Of the nine knives we tested under $50, the Rat II stuck out for how fluidly it opened and closed. Most of these cheaper knives were a struggle in one area or another — you either had to put a lot of force on the thumb stud to pry it open, like the Buck Lux Knife, or the lock was so unresponsive that it required both hands (and sharp metal teeth digging into our fingers) to close, like the seemingly spiteful Gerber Moment. The Rat II was satisfying to open and close with one hand, but it never felt too loose, either. Like the CRKT Drifter, which easily snagged on our keys and partially opened in our pockets. The Rat II gave us none of those fears: it took just the right amount of pressure to get open, while never becoming a chore to use.

CRKT-Opening-for-Pocket-Knives

The CRKT Drifter came open far too easily for us to feel comfortable with it in our pockets.

It also performed incredibly well in our usability tests. It was one of the sharpest knives we tested right out of the box, slicing through paper in long, clean strokes. And it handled the rope and cardboard easily, too: where most budget knives took a lot of sawing to get all the way through, the Rat II cut through everything in one smooth motion. It’s a little more slender than most EDC knives, so we could see it struggling with some jobs — you might not want to hack off live tree branches, for instance — but for everyday use, it’s hard to imagine anything the Rat II couldn’t handle.

We loved how comfortable this knife felt while we were putting it through our tests. The pocket clip was one of the least obtrusive, with a nice contour where your middle finger rests, so you never feel it digging into your hand. The clip is also adjustable to four different positions, a nice option that we wish more knives offered. And because of its slim size, we hardly noticed the Rat II when it was clipped in our pockets.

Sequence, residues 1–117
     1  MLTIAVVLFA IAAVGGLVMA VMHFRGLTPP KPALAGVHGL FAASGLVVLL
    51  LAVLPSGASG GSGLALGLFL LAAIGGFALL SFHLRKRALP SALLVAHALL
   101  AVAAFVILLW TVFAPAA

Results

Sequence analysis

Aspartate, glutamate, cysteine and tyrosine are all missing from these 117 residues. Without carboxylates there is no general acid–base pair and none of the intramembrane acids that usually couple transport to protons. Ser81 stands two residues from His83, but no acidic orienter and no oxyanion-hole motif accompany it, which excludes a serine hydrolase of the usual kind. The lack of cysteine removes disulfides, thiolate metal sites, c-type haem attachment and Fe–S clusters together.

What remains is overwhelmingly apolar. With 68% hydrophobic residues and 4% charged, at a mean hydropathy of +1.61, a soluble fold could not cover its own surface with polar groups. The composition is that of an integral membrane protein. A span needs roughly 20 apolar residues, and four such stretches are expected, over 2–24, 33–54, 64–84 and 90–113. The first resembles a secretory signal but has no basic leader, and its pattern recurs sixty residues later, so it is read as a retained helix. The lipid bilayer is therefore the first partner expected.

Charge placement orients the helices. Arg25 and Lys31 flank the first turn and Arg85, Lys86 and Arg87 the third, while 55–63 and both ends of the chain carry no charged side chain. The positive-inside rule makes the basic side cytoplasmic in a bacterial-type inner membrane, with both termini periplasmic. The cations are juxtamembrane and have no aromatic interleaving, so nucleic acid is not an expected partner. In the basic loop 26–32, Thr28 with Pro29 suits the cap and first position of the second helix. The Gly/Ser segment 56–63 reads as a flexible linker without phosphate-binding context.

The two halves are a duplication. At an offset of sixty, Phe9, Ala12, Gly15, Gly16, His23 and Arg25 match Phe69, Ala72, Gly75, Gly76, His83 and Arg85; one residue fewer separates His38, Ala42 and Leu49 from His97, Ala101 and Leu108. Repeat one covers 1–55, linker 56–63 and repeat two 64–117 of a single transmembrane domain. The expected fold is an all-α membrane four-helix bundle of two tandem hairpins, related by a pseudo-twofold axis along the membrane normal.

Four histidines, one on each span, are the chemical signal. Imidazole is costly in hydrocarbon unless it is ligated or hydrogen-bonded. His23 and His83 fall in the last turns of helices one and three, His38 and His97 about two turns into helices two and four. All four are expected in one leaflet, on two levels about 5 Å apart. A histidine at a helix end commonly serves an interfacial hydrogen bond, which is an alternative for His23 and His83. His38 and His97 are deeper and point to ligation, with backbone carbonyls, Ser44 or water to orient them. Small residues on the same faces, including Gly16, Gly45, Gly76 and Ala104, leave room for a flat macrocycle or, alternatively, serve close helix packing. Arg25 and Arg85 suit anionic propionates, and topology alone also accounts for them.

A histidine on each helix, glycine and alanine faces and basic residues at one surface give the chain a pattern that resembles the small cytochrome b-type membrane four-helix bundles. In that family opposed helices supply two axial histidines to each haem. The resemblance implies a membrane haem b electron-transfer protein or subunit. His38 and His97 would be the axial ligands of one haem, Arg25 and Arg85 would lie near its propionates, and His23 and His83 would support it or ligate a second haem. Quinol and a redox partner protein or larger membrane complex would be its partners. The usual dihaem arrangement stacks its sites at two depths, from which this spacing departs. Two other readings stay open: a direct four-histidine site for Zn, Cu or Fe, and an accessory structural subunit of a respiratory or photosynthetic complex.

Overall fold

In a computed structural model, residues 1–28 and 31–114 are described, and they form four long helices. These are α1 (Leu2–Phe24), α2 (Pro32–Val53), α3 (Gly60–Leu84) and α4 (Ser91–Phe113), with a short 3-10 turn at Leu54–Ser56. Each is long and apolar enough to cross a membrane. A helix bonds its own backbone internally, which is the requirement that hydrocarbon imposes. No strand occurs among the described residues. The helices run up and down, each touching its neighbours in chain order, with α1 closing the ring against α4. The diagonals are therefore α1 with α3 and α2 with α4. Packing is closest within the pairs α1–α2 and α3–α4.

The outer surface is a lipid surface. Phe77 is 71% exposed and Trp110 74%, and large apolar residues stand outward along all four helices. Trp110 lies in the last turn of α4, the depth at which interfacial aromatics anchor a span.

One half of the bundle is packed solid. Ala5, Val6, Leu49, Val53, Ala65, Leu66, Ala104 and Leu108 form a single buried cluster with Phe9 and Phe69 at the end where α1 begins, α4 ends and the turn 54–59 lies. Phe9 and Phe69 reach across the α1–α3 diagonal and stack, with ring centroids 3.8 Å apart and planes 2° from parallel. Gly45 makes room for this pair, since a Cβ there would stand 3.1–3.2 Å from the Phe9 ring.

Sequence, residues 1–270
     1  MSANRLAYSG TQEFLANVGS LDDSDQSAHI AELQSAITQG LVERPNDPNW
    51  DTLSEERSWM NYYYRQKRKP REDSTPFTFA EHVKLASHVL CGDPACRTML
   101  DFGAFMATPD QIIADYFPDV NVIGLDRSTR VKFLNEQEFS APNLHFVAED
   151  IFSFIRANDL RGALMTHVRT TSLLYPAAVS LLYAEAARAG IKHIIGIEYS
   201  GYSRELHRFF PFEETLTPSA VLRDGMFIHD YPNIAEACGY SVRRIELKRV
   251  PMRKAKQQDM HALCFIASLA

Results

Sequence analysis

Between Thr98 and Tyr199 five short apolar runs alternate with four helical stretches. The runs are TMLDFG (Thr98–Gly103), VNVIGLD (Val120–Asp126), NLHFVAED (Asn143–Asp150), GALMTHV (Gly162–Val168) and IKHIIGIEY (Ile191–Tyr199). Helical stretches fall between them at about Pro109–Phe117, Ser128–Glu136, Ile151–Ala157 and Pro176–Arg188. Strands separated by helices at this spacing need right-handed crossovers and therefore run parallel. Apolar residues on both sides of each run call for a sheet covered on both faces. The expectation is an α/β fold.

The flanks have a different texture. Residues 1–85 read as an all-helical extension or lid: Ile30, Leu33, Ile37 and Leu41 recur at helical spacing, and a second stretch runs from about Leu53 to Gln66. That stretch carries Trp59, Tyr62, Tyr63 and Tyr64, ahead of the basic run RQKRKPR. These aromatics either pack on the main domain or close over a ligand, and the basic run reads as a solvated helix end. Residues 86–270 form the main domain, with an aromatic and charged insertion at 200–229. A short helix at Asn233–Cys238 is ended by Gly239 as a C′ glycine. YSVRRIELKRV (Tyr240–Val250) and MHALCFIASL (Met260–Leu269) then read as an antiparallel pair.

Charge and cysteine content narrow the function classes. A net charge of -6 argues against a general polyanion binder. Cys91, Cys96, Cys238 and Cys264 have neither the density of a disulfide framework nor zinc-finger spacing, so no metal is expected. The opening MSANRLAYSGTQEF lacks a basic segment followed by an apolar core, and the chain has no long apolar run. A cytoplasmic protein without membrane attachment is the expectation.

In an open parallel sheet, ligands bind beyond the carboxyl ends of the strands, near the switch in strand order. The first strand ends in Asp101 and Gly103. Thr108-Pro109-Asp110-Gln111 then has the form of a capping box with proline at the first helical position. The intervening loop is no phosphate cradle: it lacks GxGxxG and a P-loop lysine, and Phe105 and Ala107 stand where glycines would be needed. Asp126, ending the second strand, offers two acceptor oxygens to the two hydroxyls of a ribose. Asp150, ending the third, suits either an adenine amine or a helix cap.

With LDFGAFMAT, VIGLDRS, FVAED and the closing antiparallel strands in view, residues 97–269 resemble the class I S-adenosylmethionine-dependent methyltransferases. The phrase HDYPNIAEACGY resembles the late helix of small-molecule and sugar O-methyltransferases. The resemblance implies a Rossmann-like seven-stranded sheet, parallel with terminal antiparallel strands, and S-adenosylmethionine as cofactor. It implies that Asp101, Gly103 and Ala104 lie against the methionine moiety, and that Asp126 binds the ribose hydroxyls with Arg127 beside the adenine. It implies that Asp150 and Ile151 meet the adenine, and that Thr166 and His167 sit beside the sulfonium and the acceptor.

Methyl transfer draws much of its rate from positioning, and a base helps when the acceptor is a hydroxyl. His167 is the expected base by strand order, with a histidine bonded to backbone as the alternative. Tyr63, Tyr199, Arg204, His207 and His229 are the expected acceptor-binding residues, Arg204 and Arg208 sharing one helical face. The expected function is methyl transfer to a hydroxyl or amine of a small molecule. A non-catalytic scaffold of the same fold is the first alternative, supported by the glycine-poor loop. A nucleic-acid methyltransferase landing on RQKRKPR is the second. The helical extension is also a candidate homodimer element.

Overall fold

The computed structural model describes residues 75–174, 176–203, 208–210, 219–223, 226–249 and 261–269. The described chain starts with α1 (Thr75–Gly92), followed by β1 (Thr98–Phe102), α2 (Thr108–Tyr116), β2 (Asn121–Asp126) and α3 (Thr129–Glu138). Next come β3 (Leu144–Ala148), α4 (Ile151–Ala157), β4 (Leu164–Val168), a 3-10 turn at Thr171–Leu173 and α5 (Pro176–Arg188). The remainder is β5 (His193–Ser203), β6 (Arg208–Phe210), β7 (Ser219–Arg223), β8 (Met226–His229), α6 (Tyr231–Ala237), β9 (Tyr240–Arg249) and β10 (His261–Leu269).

That’s not to say that everything about this knife is perfect — there’s a reason it's less than $50. For one, the handle is made out of nylon instead of the more expensive G10, so it’s not quite as grippy as a lot of knives. Like many budget knives, it also uses AUS-8 steel for the blade. As Dan P. writes in his in-depth review of the Rat II, “Steel snobs may turn their nose up at AUS 8, but my own testing and use has proven again and again that AUS 8 takes a great edge, is super easy to maintain, doesn’t chip out easily, and resists rust and corrosion.” We found the same thing: even after beating up the Rat II with all of our tests, it was still one of our sharpest knives, cutting through paper nearly as well as it did out of the box.

Best Collector's Knife

Chris Reeve Small Sebenza 21A classic high-end knife with a minimalist design.

What makes a knife worth $365? A Chris Reeve knife is like any other luxury product: you’re buying high production standards and better materials, which lead to improved durability and performance. Chris Reeve has a reputation for adhering to insanely tight tolerances, meaning the blade is as perfectly centered in the handle as possible, giving the Sebenza its signature opening and closing. (The highest compliment you can bestow in the knife world is “sebenza smooth.”) And if anything ever feels off, just ship it back to them — all Chris Reeve knives are covered by a lifetime warranty that includes free tuning, cleaning, and sharpening.